Student time outside of class

Regarding question 11, the student time self-assessment, respondents on average reported that they spent about 6-9 hours outside of class time doing work for the course – reading, videos, homework, and other studying. This is precisely in the target range I set for the course.

A 3 credit-hour course requires 3 contact hours every week, plus a minimum of 2 hours of work outside of class for every contact hour. Therefore, students are expected to spend at least 6 hours outside of class working on the course. I estimate for my students at the outset (I state it on day one of the course) that they can expect 6-9 hours per week outside of class. (Side note: this is why it’s insane that students enroll in 18 or more credit-hours in a semester – they are usually setting themselves up, or being set up by the University, for failure).

35% of respondents reported spending 3-6 hours, 41% reported 6-9 hours, and 14% reported 9-12 hours; therefore, 90% of students reported that they worked 3-12 hours outside of class. That all sounds perfectly normal to me for an introductory-level physics class. 8% reported 12+ hours, but that is not a surprise; it was clear that there were students (and about 8 students seems right) that had to work much harder then their peers to keep up with the material. I’ll respond more to that point later.

From the quantitative perspective, things were heartening. Especially on the time outside of class, that was a target I was concerned about meeting on the first pass through teaching this class.

Qualitative Questions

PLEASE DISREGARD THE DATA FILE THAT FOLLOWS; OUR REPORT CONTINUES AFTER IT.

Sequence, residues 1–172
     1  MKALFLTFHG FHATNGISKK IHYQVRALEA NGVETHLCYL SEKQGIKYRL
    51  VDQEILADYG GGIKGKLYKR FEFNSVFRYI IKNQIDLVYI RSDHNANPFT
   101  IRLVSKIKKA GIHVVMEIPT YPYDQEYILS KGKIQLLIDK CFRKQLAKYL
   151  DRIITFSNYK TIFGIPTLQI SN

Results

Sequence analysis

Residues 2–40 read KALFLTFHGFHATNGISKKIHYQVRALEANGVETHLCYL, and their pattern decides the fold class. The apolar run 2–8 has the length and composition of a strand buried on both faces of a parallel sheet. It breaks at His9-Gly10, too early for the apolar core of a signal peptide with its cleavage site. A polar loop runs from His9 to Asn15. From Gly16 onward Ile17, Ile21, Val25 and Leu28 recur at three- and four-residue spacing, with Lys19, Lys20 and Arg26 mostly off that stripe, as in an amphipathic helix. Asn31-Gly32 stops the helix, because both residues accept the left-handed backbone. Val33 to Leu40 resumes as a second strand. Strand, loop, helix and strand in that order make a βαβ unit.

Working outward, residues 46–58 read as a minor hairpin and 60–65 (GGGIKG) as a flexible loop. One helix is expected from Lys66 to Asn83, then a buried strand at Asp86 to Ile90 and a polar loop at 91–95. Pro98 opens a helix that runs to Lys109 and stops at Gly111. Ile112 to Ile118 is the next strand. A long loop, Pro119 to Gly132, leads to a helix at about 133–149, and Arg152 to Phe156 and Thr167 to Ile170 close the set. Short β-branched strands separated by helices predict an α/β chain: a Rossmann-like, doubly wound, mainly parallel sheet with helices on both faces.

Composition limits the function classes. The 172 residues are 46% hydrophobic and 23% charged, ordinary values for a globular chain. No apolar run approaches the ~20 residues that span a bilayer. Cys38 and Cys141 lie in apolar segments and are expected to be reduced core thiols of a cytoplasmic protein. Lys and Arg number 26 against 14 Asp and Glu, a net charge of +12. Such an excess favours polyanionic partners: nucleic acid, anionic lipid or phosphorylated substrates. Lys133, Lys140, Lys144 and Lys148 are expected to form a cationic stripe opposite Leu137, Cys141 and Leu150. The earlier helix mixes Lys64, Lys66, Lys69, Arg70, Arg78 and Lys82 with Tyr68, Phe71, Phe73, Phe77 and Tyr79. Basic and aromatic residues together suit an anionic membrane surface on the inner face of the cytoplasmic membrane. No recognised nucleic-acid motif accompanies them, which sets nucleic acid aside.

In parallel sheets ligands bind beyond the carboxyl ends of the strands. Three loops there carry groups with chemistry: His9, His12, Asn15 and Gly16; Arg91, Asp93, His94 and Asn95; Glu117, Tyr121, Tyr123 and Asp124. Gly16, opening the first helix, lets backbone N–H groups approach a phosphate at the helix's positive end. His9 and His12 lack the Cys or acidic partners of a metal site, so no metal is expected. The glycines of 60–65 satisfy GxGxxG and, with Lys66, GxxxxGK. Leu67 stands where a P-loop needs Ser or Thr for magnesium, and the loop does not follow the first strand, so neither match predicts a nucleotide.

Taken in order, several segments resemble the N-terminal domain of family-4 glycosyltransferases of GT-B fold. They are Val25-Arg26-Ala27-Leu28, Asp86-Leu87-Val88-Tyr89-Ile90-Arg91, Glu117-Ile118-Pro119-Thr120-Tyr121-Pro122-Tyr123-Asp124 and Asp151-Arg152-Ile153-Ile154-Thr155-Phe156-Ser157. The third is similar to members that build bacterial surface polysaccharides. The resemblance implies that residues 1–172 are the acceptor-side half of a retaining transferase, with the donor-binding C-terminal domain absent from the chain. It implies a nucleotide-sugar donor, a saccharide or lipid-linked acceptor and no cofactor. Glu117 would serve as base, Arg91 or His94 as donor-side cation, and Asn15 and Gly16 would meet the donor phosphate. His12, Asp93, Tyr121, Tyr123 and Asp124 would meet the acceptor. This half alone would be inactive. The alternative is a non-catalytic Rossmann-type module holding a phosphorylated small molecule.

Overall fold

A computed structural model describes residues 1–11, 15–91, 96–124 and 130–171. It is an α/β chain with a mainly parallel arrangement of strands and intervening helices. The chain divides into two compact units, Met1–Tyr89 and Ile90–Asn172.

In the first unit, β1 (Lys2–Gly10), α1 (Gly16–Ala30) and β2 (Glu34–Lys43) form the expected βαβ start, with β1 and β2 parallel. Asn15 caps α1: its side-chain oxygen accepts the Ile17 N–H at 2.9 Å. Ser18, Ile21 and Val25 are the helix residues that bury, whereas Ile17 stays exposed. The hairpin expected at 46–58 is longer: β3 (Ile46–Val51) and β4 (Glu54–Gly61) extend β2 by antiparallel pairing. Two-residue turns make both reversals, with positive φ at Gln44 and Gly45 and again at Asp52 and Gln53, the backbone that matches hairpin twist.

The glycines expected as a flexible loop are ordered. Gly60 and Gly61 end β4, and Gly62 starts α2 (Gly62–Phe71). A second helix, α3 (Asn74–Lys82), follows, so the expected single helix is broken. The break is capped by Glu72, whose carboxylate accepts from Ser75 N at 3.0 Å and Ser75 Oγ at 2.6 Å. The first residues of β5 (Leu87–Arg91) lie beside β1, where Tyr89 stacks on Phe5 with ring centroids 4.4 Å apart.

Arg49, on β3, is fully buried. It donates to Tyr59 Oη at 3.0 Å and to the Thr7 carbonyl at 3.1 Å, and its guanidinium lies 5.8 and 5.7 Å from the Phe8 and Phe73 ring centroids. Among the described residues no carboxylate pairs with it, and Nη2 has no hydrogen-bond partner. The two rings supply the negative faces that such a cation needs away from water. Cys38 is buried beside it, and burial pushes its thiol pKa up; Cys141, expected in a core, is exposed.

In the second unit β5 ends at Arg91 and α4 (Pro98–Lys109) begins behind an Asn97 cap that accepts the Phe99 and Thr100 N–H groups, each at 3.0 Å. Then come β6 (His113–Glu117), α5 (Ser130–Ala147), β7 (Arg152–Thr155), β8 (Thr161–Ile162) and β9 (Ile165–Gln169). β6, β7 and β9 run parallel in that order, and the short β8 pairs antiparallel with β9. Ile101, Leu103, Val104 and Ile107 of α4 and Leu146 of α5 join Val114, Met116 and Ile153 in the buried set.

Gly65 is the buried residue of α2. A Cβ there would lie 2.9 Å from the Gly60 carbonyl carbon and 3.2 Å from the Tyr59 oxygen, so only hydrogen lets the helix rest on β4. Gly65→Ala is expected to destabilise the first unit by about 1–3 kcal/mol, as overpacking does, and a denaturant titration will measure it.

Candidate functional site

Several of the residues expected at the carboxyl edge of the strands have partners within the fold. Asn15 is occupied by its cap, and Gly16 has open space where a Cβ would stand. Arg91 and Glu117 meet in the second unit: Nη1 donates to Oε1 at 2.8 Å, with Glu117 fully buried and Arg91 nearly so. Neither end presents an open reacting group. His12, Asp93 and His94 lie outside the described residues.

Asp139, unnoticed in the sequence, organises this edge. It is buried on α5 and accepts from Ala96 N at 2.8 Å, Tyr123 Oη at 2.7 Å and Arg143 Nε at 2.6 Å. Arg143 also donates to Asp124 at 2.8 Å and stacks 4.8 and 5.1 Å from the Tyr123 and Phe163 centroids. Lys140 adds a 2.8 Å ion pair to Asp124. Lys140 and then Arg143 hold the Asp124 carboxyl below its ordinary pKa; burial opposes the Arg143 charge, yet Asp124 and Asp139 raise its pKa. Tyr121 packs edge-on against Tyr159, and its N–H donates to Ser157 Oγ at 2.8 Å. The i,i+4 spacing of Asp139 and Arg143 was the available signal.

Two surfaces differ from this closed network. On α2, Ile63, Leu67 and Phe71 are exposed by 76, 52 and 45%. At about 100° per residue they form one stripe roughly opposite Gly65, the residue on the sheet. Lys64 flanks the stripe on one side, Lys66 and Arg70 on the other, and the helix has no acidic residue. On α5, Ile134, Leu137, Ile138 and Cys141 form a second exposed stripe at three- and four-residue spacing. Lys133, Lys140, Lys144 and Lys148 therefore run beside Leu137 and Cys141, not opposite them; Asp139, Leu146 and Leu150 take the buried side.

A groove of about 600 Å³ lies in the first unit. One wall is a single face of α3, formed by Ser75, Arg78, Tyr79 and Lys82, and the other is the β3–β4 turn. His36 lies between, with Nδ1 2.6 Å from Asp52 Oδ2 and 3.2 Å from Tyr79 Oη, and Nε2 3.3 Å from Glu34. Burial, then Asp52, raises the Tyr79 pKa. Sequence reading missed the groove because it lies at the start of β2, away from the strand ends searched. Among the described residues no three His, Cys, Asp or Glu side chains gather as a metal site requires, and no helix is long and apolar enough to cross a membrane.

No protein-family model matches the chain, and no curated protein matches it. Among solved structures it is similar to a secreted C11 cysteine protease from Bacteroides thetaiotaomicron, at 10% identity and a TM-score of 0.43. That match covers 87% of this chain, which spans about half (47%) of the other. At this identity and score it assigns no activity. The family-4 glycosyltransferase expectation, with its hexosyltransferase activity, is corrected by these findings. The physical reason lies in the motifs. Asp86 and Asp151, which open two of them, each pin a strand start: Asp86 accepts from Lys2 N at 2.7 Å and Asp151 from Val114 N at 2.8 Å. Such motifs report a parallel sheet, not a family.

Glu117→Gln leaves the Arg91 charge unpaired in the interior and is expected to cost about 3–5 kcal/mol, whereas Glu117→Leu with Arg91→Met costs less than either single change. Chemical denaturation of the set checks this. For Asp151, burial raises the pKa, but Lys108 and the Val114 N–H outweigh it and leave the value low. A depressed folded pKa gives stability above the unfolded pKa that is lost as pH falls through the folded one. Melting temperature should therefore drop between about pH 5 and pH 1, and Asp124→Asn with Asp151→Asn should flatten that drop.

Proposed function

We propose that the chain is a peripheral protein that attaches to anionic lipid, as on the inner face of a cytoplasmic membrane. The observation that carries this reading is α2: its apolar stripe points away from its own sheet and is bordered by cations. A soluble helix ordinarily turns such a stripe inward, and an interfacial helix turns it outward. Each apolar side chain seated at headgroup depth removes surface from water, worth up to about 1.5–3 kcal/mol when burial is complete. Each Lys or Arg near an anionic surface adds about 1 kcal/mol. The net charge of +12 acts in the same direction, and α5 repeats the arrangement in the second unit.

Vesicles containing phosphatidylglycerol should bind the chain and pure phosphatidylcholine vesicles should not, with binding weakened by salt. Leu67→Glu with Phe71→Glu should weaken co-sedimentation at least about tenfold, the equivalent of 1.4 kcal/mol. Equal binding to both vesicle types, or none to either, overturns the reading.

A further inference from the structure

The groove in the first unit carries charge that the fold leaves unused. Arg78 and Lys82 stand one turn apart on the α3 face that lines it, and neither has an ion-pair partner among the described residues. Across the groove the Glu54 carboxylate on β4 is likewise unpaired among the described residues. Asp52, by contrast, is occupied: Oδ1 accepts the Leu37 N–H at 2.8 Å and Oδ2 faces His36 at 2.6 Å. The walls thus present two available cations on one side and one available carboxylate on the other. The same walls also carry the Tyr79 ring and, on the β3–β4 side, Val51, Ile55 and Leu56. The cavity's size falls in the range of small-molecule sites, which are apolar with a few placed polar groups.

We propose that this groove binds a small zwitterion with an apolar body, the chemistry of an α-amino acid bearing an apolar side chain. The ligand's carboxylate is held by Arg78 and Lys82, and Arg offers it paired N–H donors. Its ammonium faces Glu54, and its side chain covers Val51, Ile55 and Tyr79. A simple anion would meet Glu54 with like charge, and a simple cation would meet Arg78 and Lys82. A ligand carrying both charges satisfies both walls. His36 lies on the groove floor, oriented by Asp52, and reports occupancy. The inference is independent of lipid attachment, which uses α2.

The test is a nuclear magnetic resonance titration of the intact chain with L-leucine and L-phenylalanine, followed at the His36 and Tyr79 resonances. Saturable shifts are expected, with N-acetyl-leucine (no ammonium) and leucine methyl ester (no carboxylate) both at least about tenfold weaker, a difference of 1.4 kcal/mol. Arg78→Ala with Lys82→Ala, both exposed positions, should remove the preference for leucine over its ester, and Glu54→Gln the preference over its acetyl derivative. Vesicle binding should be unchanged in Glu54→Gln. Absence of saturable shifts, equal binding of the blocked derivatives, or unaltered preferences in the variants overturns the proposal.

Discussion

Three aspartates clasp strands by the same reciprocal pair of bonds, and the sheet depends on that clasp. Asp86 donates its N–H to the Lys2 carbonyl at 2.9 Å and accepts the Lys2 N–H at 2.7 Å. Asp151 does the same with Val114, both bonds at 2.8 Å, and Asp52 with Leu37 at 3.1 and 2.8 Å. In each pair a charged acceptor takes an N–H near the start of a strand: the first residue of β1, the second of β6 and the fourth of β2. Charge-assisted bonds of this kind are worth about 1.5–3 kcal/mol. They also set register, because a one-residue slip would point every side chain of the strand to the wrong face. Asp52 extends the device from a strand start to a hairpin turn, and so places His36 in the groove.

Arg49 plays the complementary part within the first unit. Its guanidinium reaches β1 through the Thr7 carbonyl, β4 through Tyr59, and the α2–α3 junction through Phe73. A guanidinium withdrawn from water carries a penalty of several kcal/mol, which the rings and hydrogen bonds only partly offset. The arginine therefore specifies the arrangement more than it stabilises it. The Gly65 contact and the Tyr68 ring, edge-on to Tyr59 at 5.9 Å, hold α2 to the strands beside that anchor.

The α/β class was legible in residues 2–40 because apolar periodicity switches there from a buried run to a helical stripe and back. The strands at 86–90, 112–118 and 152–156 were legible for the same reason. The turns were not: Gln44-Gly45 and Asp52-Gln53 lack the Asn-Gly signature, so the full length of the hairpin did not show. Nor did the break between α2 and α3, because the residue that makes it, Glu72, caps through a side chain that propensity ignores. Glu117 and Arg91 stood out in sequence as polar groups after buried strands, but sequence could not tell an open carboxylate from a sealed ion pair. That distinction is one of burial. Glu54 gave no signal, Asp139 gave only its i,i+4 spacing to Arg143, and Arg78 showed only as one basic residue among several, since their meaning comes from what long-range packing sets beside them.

Let’s take a look at the qualitative questions. I want to focus on the first question, and then use the second question as a chance to respond as if fielding anonymous questions or comments (which, effectively, I am).

Of the 93 students enrolled in the class at the end of the course, only 29 provided written feedback on the first question (Did any particular aspects of this course enhance your learning?). Here are the things that were mentioned frequently as supporting learning:

  • Flipped-classroom model in general: about 10 students explicitly noted this model, or a phrase locked to the model (e.g. in-class problems, demonstrations, out-of-class videos, etc.) as a strong positive for their learning.
  • Lecture videos: about the same number of respondents highlighted the videos, and some explicitly expressed the fact that they could self-pace on those videos (which is precisely the point).
  • Interests or passion of the instructor: it’s embarrassing to say it, but it’s important for other instructors to take note of this, especially young instructors struggling to find their footing in teaching: communicate your passion for the subject to the students. More than half of the written responses used words like “passion,” “cares,” “enthusiastic,” etc. in positive ways to describe what enhanced learning in the class.

That said, there were some veiled criticisms embedded in here. For instance, one student wished I would lecture more in-class because they felt I was good at it and that it would help keep the attention of other students more (I’ll respond to this and a related issue below). One or two students said that they learned to “tolerate pain” more as a result of this course… indeed, I had a similar experience in my introductory physics classes and, to be quite honest, that is the point: to teach you that college operates at a different level than high school.